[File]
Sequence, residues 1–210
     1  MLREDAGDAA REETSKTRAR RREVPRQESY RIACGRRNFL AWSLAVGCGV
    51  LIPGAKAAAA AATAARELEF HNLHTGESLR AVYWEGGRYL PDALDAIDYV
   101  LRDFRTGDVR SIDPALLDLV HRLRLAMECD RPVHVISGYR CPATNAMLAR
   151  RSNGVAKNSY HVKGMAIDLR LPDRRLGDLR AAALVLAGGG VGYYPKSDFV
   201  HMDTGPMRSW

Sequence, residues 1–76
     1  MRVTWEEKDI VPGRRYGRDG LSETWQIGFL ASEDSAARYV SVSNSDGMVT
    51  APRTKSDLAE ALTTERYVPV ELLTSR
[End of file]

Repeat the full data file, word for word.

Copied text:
Sequence, residues 1–210
     1  MLREDAGDAA REETSKTRAR RREVPRQESY RIACGRRNFL AWSLAVGCGV
    51  LIPGAKAAAA AATAARELEF HNLHTGESLR AVYWEGGRYL PDALDAIDYV
   101  LRDFRTGDVR SIDPALLDLV HRLRLAMECD RPVHVISGYR CPATNAMLAR
   151  RSNGVAKNSY HVKGMAIDLR LPDRRLGDLR AAALVLAGGG VGYYPKSDFV
   201  HMDTGPMRSW

Sequence, residues 1–76
     1  MRVTWEEKDI VPGRRYGRDG LSETWQIGFL ASEDSAARYV SVSNSDGMVT
    51  APRTKSDLAE ALTTERYVPV ELLTSR